Protest leaders like Olowan Martinez harshly criticize council members who want to allow alcohol on the reservation. "They're cannibals because they want to profit," she says. "They want to gain something off of the misery of their own. To me that's a form of cannibalism."
Strong words that underscore the strong feeling here. Following council president Brewer's arrest, Martinez and others maintained the blockade and the beer trucks eventually turned away.
Protesters may have won the battle this week — but the beer trucks are likely to roll into Whiteclay again, and this conflict shows few signs of ending soon.
People who think they didn't get sick from a nationwide meningitis outbreak caused by contaminated steroid injections used to treat back pain may want to think again.
Doctors at hospitals in Michigan did MRI scans of people who had been given tainted injections but didn't report symptoms of meningitis afterwards.
About 20 percent of the 172 people tested had suspicious-looking MRIs, and 17 ended up needing surgery to treat fungal infections in or around the spine.
The patients had gotten steroid injections about three months before the MRI, in mid to late 2012.
Even though some of the people had increased back pain and other problems after the tainted injection, quite a few hadn't gone to the doctor to report the symptoms before the researchers contacted them about getting an MRI.
The researchers think that's partly because people weren't able to tell if the pain was caused by the back problems that led them to get the injection, or from something new.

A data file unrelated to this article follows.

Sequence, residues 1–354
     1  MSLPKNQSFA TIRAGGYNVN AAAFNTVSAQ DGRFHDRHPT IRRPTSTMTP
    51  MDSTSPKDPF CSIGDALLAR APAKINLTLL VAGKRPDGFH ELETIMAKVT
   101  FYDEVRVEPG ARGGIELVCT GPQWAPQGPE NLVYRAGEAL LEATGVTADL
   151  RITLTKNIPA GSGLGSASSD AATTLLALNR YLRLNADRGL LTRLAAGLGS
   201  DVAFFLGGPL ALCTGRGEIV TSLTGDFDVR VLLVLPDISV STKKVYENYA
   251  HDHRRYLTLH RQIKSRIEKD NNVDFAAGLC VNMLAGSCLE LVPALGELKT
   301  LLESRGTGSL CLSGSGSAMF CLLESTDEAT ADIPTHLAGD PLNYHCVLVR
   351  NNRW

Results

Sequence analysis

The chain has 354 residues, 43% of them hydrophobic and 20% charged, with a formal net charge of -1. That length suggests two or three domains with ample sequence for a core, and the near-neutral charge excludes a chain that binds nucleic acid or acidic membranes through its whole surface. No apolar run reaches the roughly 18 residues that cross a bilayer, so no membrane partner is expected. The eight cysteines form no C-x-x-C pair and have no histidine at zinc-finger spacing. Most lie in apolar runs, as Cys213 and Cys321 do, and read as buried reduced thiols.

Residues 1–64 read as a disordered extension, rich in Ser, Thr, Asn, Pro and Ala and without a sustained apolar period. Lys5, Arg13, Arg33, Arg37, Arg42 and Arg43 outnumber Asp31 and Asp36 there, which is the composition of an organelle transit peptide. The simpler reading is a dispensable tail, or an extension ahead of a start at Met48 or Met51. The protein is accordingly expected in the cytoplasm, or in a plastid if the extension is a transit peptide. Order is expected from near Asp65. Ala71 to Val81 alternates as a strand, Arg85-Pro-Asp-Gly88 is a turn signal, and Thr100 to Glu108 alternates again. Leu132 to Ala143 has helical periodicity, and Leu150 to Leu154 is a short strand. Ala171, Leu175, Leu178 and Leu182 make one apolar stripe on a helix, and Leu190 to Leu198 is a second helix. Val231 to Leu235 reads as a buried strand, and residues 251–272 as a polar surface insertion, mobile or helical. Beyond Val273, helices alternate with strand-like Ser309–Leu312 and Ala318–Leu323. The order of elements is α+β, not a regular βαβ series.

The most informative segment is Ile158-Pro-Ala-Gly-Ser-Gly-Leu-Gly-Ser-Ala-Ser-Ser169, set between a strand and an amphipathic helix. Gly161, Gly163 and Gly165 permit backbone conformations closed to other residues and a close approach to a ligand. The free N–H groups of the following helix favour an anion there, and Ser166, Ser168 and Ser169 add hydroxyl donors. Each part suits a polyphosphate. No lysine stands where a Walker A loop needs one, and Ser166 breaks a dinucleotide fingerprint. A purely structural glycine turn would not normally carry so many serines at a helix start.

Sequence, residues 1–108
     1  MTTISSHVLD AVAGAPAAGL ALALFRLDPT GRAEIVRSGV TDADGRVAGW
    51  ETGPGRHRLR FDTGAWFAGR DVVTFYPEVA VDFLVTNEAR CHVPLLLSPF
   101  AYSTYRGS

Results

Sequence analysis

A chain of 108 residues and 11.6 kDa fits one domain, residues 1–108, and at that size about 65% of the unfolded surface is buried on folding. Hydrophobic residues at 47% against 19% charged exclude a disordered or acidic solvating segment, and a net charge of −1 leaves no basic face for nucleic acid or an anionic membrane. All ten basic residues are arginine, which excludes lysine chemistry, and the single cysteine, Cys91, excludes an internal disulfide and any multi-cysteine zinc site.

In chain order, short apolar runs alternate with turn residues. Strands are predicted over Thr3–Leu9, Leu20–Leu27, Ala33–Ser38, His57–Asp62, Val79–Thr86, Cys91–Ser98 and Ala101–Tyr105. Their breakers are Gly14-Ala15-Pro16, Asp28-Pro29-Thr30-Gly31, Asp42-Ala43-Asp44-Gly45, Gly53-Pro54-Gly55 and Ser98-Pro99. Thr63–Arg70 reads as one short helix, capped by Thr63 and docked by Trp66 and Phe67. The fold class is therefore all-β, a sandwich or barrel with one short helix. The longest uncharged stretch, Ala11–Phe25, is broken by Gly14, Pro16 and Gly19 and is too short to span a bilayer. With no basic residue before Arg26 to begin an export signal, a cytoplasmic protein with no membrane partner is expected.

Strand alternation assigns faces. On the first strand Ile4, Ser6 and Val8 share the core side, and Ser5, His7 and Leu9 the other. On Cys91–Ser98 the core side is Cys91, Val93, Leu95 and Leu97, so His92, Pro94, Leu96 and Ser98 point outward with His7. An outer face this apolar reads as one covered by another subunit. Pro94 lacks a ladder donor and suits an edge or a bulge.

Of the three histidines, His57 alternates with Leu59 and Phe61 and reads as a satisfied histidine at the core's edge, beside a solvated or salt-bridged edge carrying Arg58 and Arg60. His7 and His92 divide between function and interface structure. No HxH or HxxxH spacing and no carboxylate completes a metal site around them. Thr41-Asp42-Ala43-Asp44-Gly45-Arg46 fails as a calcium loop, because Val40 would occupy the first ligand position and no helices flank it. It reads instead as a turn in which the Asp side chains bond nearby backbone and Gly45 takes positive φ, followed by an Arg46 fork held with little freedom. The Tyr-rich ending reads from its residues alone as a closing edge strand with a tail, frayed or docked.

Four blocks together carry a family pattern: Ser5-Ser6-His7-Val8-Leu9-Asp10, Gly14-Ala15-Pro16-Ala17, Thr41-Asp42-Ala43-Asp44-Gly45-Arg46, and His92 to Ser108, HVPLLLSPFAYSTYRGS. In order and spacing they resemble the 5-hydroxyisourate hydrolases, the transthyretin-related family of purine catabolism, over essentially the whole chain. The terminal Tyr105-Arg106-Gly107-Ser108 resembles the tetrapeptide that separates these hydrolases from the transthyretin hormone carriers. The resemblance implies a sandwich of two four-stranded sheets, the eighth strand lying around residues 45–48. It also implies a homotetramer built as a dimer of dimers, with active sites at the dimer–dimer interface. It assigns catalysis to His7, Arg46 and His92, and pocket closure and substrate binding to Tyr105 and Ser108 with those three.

It may also be because the first people who got sick from the contaminated shots came down with meningitis, an inflammation of the tissue that wraps the brain. It's the kind of life-threatening illness that's hard to ignore. At least 23 people died.
As the number of meningitis cases waned, and people started coming down with spinal infections instead. It's as if the meningitis cases were on a fast boil, and the spinal infections were simmering on a back burner.
This screening method isn't perfect: 17 percent of the patients screened had equivocal MRIs.
But screening with MRI may be a better option than treating all exposed people with high doses of antifungal medications, according to an accompanying editorial. Toxic effects of treatment include altered mental states, hallucinations, and liver damage.
The Food and Drug Administration has warned people who may have been exposed to medicines produced at the New England Compounding Center after May 21, 2012, to be alert for headaches fevers, chills, and other symptoms.